Research. The National Science Foundation released its annual FY 2011 merit review report to the National Science Board. This report provides an annual look at the number of grant proposals received by the NSF, along with the success rates (number of proposals that are awarded), broken down by several categories. While the report finds that NSF received 7% fewer grant applications than last year, it also demonstrated that the number of proposals received by the agency has increased dramatically (60%) since 2001.

Over 26,000 people have signed a petition on WhiteHouse.gov asking the Obama Administration to “Require free access over the Internet to scientific journal articles arising from taxpayer-funded research.” This number is significant, since any petition on the website which receives over 25,000 signatures will be responded to by the White House. As ScienceInsider reports, however, the responses aren’t always the most meaningful.

Space. SpacePolicyOnline reports on NASA’s recent decision to cancel a mission called Gravity and Extreme Magnetism Small Explorer (GEMS). GEMS would have explored “warping of space around black holes and map the structure of magnetic fields around neutron stars,” but was cancelled after an analysis showed the technology development would take much longer (and cost much more) than originally thought.

In Print

The New York Times reports in its piece entitled Ex-Spy Telescope May Get New Identity as a Space Investigator reports on the excitement surrounding satellite hardware formerly used by the U.S. government’s super-secret National Reconnaissance Office (NRO) that has been turned over to NASA for re-purposing.

Bill Frist writes in The Week about how America must invest in research universities — or get left behind. The piece expands on its subtitle, “Gone are the days when Bell Labs was the nation’s prime innovator. Today, we must rely on universities — and those universities need our help”.

What’s on Deck

Tuesday (6/12)

  • The Senate Appropriations Committee will hold a subcommittee markup of the FY 2013 Labor, Health and Human Services, and Education, and Related Agencies spending bill.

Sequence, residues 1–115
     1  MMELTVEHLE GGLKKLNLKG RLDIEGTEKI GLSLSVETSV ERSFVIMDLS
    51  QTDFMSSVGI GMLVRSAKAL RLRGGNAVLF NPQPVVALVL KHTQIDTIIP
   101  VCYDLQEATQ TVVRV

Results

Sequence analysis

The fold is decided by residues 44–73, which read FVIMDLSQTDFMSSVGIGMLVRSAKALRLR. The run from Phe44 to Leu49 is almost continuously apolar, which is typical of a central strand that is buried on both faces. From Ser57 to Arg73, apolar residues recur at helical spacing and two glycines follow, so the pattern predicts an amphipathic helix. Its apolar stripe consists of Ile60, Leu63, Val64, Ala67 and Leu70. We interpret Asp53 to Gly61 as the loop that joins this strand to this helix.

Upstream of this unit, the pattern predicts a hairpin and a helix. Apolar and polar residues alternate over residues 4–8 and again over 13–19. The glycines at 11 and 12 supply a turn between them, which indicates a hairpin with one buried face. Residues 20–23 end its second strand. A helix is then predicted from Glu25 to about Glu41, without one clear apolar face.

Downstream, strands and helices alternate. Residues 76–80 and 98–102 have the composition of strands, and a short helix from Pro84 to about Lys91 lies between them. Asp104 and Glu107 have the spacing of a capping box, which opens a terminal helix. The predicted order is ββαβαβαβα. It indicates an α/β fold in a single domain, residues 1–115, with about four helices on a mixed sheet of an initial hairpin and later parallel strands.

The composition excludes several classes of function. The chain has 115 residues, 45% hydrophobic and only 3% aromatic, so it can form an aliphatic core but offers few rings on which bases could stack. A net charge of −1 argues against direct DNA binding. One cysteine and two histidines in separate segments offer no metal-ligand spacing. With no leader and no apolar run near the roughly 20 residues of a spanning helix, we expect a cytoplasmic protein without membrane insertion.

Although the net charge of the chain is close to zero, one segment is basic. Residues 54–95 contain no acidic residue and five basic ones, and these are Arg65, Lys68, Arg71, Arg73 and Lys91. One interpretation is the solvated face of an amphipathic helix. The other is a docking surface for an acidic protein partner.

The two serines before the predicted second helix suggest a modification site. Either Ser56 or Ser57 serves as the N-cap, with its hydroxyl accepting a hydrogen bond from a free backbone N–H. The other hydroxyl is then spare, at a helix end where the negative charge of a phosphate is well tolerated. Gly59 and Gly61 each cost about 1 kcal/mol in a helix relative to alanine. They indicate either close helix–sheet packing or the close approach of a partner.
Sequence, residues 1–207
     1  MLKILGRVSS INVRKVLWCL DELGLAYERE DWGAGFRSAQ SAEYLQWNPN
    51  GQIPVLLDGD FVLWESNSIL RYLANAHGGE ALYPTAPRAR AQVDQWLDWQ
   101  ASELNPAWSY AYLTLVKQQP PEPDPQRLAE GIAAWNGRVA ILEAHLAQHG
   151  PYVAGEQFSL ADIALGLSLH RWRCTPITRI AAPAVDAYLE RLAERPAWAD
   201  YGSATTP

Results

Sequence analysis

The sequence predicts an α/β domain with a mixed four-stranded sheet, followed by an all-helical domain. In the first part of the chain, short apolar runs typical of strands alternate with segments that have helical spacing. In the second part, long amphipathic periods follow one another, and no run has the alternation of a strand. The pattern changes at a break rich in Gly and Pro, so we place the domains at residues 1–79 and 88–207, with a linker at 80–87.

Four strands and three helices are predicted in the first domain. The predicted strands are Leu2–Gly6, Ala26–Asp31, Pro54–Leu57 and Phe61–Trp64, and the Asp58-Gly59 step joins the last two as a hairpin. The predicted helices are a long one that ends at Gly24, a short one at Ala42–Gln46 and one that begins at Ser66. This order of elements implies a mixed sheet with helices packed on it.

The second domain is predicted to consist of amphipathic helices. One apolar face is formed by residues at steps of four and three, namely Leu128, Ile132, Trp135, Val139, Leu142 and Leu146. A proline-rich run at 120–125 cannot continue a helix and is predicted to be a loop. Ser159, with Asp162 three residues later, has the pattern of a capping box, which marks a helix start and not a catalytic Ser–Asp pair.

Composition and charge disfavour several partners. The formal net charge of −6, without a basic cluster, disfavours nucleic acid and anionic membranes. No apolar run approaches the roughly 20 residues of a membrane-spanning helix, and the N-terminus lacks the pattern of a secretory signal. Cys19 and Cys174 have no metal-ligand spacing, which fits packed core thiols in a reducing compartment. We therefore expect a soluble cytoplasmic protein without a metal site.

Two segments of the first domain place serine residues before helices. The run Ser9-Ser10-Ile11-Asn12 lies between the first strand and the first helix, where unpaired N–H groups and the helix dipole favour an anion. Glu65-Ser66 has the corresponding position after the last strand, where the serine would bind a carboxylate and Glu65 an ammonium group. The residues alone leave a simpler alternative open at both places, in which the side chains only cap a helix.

• The Friends of the VA Medical Care and Health Research (FOVA) will hold a Capitol Hill brief on the VA Medical and Prosthetics Research Program. Contract DMCCUE (at) navref.org for more information.

Wednesday (6/13)

  • The Senate Appropriations Committee will hold a subcommittee markup of the FY 2013 defense spending bill.
  • The Senate Committee on Environment and Public Works will hold a full committee hearing on the nomination of Allison Macfarlane and re-nomination of Kristine L. Svinicki to be Members of the Nuclear Regulatory Commission.

Thursday (6/14)

  • The Senate Appropriations Committee will hold a full committee markup of the FY 2013 Labor, Health and Human Services, and Education, and Related Agencies spending bill.
  • The Senate Energy and Natural Resources Committee will hold a full committee hearing on China and Clean Energy.
  • The National Academies will officially release their new report “Research Universities and the Future of America: Ten Breakthrough Actions Vital to Our Nation’s Prosperity and Security.”
  • The Department of Energy will hold a Capitol Hill brief highlighting their winning Clean Energy Business Plan “Elevator Pitches.” Contact Jane.Wise (at) hq.doe.gov for more information.
  • The National Science Teachers Association will hold a Capitol Hill briefing on Looking Toward the
    Next Generation Science Standards. Contact jpeterson(at) nsta.org for more information.